Moving forward, advance feeding systems have been developed to deliver the entire ration to cow groups. Companies including GEA, Lely, AMS Galaxy and Trioliet now sell various designs that can include feed mixing and delivery to cow groups multiple times each day. A given system will include a mixing and feeding robot (MFR); a feed ingredient storage and mixing area (may be referred to as the feed center or kitchen) where ingredients are stored, delivered, weighed and loaded into the MFR; and a route (possibly a guidance track) from the feed center/kitchen to the pens for delivery to the cows. The feed centers are designed to handle feed ingredients with a high degree of accuracy and can be constructed to store ingredients for multiple days. Bins used for high-moisture ingredients such as corn silage or high-moisture corn will need to be reloaded regularly to prevent spoilage. Other dry ingredients can be stored in bins or tanks for longer periods of time. Premixes or even microingredient handling systems are also included (differing configurations depending on the farm’s needs/requirements) to deliver exacting amounts of minerals, vitamins, supplements and additives. Liquid systems can also be included to handle molasses, other liquid blends (fats) or water for inclusion in the ration.
The MFRs are designed to mix and deliver feed based on producer-programmed inputs to different groups of cattle multiple times per day. Feed mixing and delivery is highly accurate and minimizes labor requirements. The MFR is designed to deliver smaller amounts of feed more often throughout the day and night. The robotic delivery system ensures that an extremely even row of feed is delivered along the feed lane at each feeding. In addition to keeping feed fresher throughout the day, feeding smaller amounts per “meal” helps prevent overconsumption by the cow and helps maintain a proper rumen pH and digestive function.
Depending on company and model, the MFR may be fitted with navigation sensors and create a precise map of the barn and farm allowing to work out the ideal routes for distribution of feed. The MFR can constantly localize (identify) its position, sensing and recognizing obstacles and avoiding collisions. These systems allow the robot to safely navigate in and between barns and uneven terrain within reason.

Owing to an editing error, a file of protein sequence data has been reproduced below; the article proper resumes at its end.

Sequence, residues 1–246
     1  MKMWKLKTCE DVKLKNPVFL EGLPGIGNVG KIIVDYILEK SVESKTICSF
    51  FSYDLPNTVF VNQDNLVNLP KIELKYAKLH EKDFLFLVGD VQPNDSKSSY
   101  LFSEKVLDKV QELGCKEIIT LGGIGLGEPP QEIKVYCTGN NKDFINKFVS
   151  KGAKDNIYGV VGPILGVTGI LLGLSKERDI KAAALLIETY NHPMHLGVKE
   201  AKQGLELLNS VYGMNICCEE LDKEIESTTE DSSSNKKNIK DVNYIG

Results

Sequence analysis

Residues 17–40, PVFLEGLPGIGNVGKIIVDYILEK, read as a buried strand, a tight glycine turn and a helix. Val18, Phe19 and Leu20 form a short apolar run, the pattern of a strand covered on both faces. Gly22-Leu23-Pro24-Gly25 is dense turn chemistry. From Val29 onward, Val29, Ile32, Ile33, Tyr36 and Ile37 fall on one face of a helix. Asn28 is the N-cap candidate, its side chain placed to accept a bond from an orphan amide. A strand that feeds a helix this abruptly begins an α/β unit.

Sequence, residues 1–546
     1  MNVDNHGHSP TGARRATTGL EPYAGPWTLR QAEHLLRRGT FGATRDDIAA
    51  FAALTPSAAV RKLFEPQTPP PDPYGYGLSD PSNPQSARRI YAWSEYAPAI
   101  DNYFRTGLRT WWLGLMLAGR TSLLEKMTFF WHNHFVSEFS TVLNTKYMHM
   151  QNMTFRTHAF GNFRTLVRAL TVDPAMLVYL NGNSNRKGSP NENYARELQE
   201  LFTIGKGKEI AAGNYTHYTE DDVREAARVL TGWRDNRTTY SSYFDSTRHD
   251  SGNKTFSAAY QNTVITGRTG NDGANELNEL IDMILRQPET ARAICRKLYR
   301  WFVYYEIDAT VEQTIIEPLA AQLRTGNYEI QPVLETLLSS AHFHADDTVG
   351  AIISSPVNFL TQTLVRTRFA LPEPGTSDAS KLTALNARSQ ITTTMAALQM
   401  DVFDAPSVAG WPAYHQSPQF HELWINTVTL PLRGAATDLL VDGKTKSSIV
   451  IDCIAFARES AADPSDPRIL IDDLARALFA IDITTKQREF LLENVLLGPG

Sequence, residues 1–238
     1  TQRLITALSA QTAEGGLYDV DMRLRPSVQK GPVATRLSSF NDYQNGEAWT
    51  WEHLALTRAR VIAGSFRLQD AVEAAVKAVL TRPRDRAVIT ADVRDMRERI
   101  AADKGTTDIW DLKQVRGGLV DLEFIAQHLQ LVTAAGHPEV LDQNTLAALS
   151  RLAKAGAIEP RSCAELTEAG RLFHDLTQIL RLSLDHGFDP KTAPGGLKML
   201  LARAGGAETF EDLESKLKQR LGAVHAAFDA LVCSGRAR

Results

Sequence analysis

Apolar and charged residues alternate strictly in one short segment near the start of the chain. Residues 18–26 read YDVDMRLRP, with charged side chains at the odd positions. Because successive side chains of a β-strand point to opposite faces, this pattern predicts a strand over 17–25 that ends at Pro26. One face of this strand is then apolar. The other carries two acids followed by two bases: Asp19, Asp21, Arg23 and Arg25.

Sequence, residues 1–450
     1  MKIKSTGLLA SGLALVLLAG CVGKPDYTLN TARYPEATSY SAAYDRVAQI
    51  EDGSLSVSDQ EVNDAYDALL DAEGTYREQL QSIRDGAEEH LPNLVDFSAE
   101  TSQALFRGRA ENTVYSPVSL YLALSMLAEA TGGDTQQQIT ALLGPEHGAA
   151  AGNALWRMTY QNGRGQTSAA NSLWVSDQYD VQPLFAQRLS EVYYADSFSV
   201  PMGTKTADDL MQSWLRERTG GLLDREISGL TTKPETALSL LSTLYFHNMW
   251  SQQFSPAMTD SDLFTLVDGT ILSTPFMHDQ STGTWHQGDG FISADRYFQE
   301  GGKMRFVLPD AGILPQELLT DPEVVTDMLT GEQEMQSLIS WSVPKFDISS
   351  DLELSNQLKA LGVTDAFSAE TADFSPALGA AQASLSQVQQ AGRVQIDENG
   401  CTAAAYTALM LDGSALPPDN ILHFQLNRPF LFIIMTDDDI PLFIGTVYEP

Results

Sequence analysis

Automated feeding systems may be retrofitted into existing farms/barns or may be incorporated into new construction. New construction may be a bit simpler since the automated system can be incorporated during the design phase to ensure the system is configured as efficiently as possible. Automated feeding systems can be small or large, but companies report a single MFR can handle anywhere from 500 up to 700 cows. This may vary depending on the farm layout and pen configuration. No doubt as the technology develops, the handling capacities will expand as well.
While the systems themselves are fascinating and include a wide variety of possibilities, like any new and emerging technologies, these come at a significant cost. As many farms have learned with implementation of rotary parlors, robotic milking systems and other advanced technologies, while the system cost appears high, the benefits can be substantial. For automated feeding systems, the potential savings in labor as well as improvement in feeding accuracy, operational consistency, reliability and flexibility can greatly offset the investment.
Implementation of AI systems is here to stay. It is unlikely that the labor issues facing the dairy (and countless other) industries will go away, and the dairy producer must find a solution. While nothing will replace human presence, involvement and oversight on the farm developing technologies can help simplify some of the many tasks that have to be managed every day. Automating many of the highly repetitious jobs on the farm may be one answer to some of these challenges.
Author's note: Mention of any company name or product does not imply an endorsement. Please contact the company or their representatives or dealers for more information.